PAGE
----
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What is wrong with this?
The above is supposed to show, as accurately as possible on a computer screen, the colours of the visible spectrum as a function of wavelength in nanometers. What is wrong with it? The problem is that computer monitors cannot show monochromatic colours as saturated as the eye is able to perceive them. Disco purple, at the shortest monochromatic wavelengths, probably shows up on the screen as wilting violet, while crimson red, at the longest monochromatic wavelengths, appears pinkish.
How do you plot a spectrum of monochromatic colours as accurately as possible on a computer screen? Set saturation to 1, and run hue from -0.046 (i.e. 0.954, about right for crimson red) to 0.753 (about right for disco purple), right? Actually it's more complicated if you want to do it right. The following four steps describe what to do.
Step 1: Define the spectrumAs you undoubtedly know, the eye perceives colour through three types of cone on the retina. As a result, it is possible to define any colour, any mixture of visible wavelengths, using 3 coordinates.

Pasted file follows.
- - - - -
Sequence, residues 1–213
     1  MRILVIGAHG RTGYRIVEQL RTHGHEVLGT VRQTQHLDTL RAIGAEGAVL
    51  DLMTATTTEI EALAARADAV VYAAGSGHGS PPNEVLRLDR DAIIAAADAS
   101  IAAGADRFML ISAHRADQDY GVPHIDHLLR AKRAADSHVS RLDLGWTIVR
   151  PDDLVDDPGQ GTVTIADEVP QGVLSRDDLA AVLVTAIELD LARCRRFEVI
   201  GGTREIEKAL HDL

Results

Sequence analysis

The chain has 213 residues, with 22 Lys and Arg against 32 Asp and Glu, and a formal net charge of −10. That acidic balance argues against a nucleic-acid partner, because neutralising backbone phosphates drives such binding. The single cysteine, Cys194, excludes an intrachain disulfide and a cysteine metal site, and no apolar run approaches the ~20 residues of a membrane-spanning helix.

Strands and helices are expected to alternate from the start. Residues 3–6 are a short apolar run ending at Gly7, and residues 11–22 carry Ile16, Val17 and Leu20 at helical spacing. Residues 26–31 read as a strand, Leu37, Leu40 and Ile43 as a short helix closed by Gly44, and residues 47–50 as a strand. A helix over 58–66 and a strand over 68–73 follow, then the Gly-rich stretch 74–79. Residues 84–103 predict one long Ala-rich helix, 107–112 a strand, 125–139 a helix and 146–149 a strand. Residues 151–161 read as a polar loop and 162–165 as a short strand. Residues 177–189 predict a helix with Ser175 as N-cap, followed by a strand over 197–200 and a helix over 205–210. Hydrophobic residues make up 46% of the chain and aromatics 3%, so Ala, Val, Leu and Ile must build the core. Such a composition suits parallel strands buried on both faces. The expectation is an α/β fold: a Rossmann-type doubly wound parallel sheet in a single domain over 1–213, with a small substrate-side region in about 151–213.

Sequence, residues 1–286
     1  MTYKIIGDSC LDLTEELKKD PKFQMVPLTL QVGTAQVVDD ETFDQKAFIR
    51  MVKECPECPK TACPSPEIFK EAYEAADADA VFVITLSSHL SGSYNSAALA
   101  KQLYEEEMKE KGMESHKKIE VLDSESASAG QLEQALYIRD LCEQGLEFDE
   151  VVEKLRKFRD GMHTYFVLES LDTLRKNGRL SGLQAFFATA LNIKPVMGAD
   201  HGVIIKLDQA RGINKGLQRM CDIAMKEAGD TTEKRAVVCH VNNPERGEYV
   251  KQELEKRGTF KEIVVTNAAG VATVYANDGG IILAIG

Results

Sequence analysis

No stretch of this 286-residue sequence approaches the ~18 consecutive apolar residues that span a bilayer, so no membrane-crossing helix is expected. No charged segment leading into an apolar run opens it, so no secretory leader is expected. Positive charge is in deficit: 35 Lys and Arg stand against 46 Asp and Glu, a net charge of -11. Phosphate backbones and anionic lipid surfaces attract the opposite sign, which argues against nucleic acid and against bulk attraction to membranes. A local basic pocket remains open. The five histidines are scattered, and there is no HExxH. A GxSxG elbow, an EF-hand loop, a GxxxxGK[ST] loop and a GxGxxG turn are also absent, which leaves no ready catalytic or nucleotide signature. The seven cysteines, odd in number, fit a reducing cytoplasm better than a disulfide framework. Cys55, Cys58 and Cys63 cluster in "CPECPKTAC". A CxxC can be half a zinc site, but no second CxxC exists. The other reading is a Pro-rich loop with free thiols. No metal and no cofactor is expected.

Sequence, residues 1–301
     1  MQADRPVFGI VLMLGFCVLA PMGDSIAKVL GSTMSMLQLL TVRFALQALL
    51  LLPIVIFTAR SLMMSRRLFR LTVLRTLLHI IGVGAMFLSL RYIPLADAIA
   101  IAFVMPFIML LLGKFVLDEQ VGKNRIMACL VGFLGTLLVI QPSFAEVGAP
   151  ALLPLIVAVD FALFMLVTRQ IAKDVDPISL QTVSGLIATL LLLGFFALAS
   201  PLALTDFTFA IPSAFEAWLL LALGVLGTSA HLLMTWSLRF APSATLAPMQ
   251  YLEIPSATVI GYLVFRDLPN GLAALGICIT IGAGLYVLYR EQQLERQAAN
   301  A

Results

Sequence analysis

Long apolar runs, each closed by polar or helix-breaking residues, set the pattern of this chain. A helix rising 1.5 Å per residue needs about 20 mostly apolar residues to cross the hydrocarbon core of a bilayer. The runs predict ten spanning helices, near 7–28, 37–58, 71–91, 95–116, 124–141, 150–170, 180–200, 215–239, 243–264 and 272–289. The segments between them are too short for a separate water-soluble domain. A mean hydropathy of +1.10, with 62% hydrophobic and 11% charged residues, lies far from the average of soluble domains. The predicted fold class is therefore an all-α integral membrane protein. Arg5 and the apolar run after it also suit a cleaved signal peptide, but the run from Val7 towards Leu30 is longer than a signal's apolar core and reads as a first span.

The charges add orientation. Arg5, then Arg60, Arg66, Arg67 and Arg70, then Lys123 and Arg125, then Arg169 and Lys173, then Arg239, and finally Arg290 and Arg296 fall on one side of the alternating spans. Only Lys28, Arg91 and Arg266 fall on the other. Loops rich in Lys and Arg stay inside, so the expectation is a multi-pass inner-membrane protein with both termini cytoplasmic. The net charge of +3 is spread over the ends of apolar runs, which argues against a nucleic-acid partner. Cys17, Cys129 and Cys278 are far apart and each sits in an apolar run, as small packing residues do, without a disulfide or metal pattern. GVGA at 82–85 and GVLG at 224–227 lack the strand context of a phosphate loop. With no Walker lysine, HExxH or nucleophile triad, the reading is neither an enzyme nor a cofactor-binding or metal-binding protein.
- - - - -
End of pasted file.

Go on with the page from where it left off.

By convention of the Commission Internationale de l'Éclairage (CIE), colours are defined by their `tristimulus' coordinates X, Y, Z. The coordinates are linear measures of light power, so that the coordinates of any sum of colours is the sum of the coordinates of the colours. The middle coordinate, Y, called the `luminance', is the light power weighted by the CIE 1924 Photopic Luminosity Function, a certain spectral sensitivity function characteristic of human vision. The luminance Y can be regarded as a measure of perceived brightness, with the proviso that it varies linearly with power, whereas the eye responds nonlinearly with power.
A table of the tristimulus coordinates X, Y, Z for monochromatic light every 1 nm from 360 nm to 830 nm is available from the UCSD Color and Vision database. There are two sets of files, the original 1931 set, based on experiments that involved people matching colours in a split 2° field, about the size of the cone-rich fovea at the center of the retina, and a supplementary 1964 set, for a 10° field, which gives greater weight to rods. The 2° tristimuli are appropriate for normal colour vision at daylight levels of illumination, while the 10° tristimuli are more appropriate for dark-adapted vision. The spectrum at the top of this page used the 2° field tristimuli.
Step 2: Define the characteristics of the monitorThe characteristics of a colour monitor are determined by the the colours of its guns, its red, green, and blue primaries. Measured on a linear scale of light power, the monitor's primaries are denoted R, G, and B. It is important to distinguish these linear measures of colour from the nonlinear measures R¢, G¢, B¢ that are specified to the computer's colour tables. More on the latter in Step 4 below.
The colour of each primary is specified by its tristimulus coordinates. For example, the colour of the R gun is specified by XR , YR , ZR . Given these coordinates, the tristimulus coordinates X, Y, Z of any combination colour R, G, B are given by the linear transformation